Middle-aged and senior people are especially interested in traveling abroad, said Zhang Lingyun, director of the Tourism Development Academy at Beijing Union University.
"The generation of people over 50 lived a hard life in their youth. Now that the economy has improved and they have free time, it's understandable that they want to travel abroad," Zhang told the Global Times on Monday.
Moreover, many believe they got a bargain by parking money at the travel agencies.
Ding Lin (pseudonym), another middle-aged Beijing resident, has already traveled to several countries without paying any tour fees and is now preparing to take another trip to the U.S.'s West Coast.
Ding just signed up for a new deposit-for-trip package, which required him to deposit 40,000 yuan for six months at the agency to get free trips to South Korea and Japan, as well as a discounted trip to the U.S. That trip was valued at 18,000 yuan, but because Ding had deposited money at the travel agency, he got it at a discounted price of 8,000 yuan.
Of course, it might not actually be a discount, Sun said. "They could be inflating the list price to make the deal look good because a trip to the West Coast in the U.S. usually costs only about 7,000 yuan," Sun told the Global Times.
As a bargain hunter, Wang did her own research.
"I know the market price ranges for these tours. They can't cheat me," she said, noting that the salesperson calculated the interest payment on her deposit based on an annualized return of 4 percent, and the result showed that the free trips are a great deal."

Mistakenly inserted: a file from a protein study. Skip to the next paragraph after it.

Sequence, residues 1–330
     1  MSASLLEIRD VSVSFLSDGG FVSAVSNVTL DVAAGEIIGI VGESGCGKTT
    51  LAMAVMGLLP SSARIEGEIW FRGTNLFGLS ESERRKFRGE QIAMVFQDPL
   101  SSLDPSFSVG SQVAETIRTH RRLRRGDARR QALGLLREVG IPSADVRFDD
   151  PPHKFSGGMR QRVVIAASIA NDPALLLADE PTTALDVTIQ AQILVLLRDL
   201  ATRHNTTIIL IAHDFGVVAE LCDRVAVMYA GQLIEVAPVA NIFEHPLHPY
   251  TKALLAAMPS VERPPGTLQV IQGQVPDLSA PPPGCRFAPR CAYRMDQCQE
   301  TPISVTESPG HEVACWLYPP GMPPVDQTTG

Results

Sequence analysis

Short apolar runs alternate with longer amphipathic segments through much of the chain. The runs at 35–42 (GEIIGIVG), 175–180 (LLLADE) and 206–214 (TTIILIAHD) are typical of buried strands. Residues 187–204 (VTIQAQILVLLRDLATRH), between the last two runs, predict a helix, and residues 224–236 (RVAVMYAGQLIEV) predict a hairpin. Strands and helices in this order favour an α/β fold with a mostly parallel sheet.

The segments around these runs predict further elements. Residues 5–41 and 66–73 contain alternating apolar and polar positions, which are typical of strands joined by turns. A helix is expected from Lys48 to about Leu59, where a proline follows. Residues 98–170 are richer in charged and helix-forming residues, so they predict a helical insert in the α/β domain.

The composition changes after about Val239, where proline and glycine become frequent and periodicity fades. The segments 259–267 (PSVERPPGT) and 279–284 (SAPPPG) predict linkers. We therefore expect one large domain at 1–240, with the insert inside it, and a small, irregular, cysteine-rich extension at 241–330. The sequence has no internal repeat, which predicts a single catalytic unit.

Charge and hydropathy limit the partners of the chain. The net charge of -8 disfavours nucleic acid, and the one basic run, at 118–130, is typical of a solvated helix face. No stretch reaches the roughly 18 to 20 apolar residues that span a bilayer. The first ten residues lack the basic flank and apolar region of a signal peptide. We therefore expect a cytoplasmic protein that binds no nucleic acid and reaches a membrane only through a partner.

However, Sun pointed out that Wang could probably get a return of far more than 4 percent if she invested her money elsewhere, so the figure isn't a good yardstick to gauge whether the deal is a good one. Risky business
The deposit-for-trip business only recently emerged in the Chinese travel market. According to Sun, it started in Beijing when banks began cooperating with travel agencies to lure in depositors.
In November 2014, Ping An Bank, working with the travel booking website wglvw.com, began offering free overseas trips for deposits at the bank.
In one case, it offered a six-day trip to Japan in exchange for a three-year deposit of 30,000 yuan or five-year deposit of 20,000 yuan, according to an online advertisement. In another, it offered six-day trip to Hawaii in the U.S. in exchange for a three-year deposit of 85,000 yuan or five-year deposit of 55,000 yuan.